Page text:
As students progress, the options really open up. Singers with an aptitude for language should definitely explore the options in Italian, French, and German. It is imperative that the student not only be able to pronounce the sounds; in order to interpret and communicate to the audience, students should have a good, working translation of any foreign language song they sing. Italian is the obvious starting point when introducing languages, because the vowels are simple and pure. 26 Italian Songs and Arias offers a wide variety of songs from which to choose, all with background information, translations, and IPA pronunciation guides. Again, play to your student’s strengths! A young actress will love “Nel cor più non mi sento” by Paisiello. Light, flexible voices will flourish in songs such as Caldara’s “Alma del core,” Scarlatti’s “Già il sole dal Gange,” or (for females) Parisotti’s “Se tu m’ami.” A voice with more control might attempt “O del mio dolce ardor” by von Gluck. Remember, when choosing these more frequently performed songs, it is even more important that the student be able to conquer the song and sing it well—the judges have heard them many times!

German can be a great next step when exploring languages. The prominence of consonants in the language helps to bring the placement of the voice forward. Haydn’s “Die Landlust” (Pathways of Song, Vol. 1) or Mozart’s “Sehnsucht nach dem Frühlinge” (Mozart 12 Songs) is a great choice for a younger, lighter voice. Mendelssohn’s “Auf flügeln des Gesanges” (Classics for Solo Singers) is a standing favorite of judges everywhere. For the more developed voice, choices abound in Mendelssohn 24 Songs (a personal favorite being “Hexenlied” for the student with a dramatic bent) and Mozart 12 Songs.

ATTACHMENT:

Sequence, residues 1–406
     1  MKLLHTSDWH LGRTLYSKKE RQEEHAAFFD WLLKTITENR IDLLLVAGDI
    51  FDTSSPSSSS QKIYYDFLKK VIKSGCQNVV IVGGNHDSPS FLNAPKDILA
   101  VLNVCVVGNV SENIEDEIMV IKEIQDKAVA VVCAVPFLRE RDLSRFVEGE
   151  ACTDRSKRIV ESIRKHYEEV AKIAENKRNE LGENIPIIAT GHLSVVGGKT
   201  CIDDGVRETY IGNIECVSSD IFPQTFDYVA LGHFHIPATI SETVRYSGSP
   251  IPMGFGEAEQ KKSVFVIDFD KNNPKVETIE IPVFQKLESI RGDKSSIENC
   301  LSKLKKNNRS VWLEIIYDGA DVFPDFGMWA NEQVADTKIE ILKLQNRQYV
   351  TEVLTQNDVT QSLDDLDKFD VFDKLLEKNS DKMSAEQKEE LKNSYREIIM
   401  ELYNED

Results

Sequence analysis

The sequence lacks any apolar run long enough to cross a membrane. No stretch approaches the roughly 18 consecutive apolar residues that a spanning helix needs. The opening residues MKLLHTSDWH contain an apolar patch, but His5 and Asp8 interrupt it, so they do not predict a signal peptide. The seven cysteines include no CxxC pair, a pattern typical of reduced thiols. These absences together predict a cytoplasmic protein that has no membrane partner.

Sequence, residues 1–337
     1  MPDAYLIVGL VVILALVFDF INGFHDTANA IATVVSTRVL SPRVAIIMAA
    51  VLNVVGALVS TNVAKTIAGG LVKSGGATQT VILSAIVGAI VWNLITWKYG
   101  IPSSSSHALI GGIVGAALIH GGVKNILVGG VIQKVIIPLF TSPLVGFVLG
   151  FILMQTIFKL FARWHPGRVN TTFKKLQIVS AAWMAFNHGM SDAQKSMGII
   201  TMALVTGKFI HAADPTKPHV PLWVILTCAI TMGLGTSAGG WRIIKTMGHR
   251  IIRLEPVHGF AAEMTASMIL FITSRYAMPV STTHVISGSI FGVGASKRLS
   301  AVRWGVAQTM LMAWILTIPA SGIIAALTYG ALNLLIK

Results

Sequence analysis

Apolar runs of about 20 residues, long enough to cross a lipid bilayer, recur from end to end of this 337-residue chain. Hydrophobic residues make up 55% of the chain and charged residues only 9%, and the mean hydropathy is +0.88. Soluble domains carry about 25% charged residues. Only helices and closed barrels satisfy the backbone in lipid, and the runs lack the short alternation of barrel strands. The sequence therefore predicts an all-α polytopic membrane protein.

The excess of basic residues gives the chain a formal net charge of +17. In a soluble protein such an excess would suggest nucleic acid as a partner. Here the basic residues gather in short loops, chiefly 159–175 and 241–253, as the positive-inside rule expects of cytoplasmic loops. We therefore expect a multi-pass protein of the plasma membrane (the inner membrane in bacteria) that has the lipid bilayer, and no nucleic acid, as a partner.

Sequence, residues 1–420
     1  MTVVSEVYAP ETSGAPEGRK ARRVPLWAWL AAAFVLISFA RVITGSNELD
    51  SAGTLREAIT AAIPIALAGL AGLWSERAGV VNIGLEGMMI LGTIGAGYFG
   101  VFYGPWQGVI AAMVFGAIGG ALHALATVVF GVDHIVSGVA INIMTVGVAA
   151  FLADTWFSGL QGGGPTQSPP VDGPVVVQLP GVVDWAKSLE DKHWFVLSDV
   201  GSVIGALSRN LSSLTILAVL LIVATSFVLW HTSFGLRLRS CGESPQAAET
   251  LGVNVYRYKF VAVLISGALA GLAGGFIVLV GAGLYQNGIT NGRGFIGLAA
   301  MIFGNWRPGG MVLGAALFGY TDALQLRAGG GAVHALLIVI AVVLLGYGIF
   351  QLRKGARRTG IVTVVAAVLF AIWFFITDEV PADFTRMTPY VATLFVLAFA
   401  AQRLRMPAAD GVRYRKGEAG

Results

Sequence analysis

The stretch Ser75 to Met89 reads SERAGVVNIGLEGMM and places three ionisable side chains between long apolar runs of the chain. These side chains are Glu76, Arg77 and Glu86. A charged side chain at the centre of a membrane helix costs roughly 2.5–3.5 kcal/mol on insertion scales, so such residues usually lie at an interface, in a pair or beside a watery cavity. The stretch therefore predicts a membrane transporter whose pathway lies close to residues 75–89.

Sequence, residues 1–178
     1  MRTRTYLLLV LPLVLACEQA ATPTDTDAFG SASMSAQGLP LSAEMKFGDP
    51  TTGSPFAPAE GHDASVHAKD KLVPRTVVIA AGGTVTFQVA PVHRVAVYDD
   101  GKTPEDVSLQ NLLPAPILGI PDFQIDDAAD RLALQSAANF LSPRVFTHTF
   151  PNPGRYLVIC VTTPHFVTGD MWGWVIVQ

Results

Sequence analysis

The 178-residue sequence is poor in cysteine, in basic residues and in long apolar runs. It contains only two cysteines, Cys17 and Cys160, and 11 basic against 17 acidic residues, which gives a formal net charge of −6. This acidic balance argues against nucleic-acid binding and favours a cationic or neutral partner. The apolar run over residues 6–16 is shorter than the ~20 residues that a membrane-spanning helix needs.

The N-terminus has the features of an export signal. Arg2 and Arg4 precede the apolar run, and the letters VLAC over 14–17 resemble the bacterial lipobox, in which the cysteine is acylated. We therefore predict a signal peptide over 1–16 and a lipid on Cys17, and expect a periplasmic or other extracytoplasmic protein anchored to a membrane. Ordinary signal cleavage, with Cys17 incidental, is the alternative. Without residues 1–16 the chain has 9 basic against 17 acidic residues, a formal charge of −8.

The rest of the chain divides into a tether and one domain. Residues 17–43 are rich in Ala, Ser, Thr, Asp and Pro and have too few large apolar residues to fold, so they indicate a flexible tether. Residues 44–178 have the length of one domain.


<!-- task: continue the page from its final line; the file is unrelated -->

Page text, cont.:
French is usually the most difficult. There are very few high school students who can sing French convincingly; therefore, it tends to impress the judges when done right! Recruit a French-speaking parent or colleague to help if you are not confident in your ability to get all of the sounds right. Songs like Mozart’s “Oiseaux, si tous les ans” and “Dans un bois solitaire” (Mozart 12 Songs) are excellent French choices for older high school students whose breath support has developed to the point where the tone is beautiful and flexible. For the student with excellent musical skills and interpretive ability, try something like “Il pleure dans mon couer” by Debussy (Pathways of Song, Vol. 3).

In general, it is important to know your student’s voice well before selecting contest music. Never choose a song for competition that includes notes outside of your student’s current comfortable range or phrases longer than he can comfortably sing. Remember, in an adjudication situation, we want the student to walk in feeling confident and competent, not worried about whether or not his voice will crack or if he will pass out from lack of oxygen! Also, pay special attention to the unique gifts of your student—whether that is dramatic prowess, the ability to “float” a tone, sheer size and magnitude, language skills, or exceptional musicality. Each student has something special to show off, and that is what we want the judges to see! Taking the time to research and discover the best song for your student will pay off in the long run, giving him or her a positive performance experience and the encouragement to keep on singing!